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US executions, death sentences on decline, report says

By Matthew Barakat
Associated Press / December 11, 2008
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WASHINGTON - New death sentences in the United States were at or near a three-decade low this year and the number of people executed will be the lowest since 1994, according to a new report.

The nonprofit Death Penalty Information Center, or DPIC, reports 37 executions in 2008, with no more expected for the remainder of the year. That's down 12 percent from 42 in 2007 and a 30 percent drop from 2006.

The center estimates the total number of death sentences this year at 111. That is on par with the 115 imposed in 2007 that represented a 30-year low. It is more than a 60 percent drop from 1998, reflecting a steady decline over the last decade.

The report from the center, which opposes the death penalty, also indicates that executions in the United States have essentially become a regional phenomenon. All but four of the 37 executions this year occurred in the South and Texas, with Ohio and Oklahoma providing the exceptions. Half of the executions occurred in Texas, where 18 inmates were put to death.

Virginia executed four prisoners. Georgia and South Carolina executed three each; Florida, Oklahoma, Mississippi, and Ohio each executed two and Kentucky executed one.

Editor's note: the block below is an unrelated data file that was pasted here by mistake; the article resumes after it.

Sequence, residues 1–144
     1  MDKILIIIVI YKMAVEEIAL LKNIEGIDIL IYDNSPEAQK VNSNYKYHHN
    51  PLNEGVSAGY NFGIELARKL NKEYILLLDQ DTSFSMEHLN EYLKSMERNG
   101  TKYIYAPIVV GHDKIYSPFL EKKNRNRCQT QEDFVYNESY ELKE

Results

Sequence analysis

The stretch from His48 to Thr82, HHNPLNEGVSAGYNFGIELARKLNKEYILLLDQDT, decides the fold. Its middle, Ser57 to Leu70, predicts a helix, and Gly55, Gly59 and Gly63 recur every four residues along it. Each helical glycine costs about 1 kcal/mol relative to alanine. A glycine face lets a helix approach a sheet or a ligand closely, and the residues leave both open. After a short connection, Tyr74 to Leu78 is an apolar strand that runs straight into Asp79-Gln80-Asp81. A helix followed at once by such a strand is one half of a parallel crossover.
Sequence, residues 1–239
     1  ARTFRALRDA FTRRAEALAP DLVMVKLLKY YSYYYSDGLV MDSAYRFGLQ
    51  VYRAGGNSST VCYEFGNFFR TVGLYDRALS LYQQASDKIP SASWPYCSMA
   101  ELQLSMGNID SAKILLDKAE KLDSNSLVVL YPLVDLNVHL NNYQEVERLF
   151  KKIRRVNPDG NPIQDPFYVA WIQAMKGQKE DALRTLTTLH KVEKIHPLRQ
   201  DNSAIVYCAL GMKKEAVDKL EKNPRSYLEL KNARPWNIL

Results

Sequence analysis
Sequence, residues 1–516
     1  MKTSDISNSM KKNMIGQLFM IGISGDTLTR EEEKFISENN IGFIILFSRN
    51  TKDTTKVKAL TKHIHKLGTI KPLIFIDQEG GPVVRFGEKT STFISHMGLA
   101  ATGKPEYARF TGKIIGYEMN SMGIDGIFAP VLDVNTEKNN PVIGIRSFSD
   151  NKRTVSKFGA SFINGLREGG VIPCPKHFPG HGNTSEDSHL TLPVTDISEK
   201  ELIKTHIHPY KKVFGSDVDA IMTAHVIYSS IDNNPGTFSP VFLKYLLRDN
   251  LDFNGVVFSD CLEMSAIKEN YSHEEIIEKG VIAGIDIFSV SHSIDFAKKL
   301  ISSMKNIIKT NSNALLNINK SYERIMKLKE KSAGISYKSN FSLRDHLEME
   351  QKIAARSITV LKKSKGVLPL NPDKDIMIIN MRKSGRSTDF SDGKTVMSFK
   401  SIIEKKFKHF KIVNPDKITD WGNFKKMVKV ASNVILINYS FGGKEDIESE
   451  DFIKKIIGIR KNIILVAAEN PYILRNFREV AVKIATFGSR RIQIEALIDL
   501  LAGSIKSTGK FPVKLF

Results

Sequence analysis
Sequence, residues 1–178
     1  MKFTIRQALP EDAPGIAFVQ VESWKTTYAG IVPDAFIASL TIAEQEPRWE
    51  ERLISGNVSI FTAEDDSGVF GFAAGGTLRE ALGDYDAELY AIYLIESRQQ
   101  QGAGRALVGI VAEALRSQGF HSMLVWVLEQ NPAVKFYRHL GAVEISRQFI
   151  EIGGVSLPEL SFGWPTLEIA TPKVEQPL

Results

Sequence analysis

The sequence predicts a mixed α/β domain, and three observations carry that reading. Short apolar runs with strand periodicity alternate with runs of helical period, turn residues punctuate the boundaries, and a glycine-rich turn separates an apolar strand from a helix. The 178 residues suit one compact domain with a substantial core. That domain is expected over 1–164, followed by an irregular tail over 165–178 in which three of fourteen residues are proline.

All of the executions in 2008 occurred after April 16, when a US Supreme Court decision on the use of lethal injections ended what had been a de facto moratorium in place for almost seven months. Specialists differed on the moratorium's effect. Richard Dieter, DPIC's executive director, had feared the numbers would spike in 2008 as states rushed to implement executions that had been on hold.

The fact that there wasn't a spike, he said, demonstrates the inherent problems with the death penalty, including the struggle to ensure a fair appeal process on issues like DNA evidence and inadequate counsel.

But Richard Bonnie, a law professor at the University of Virginia and a specialist on capital punishment, said it was expected that it would take some time after the moratorium was lifted for the normal pace of executions to resume, and he does not consider the drop in executions in 2008 to be proof of a long-term decline.

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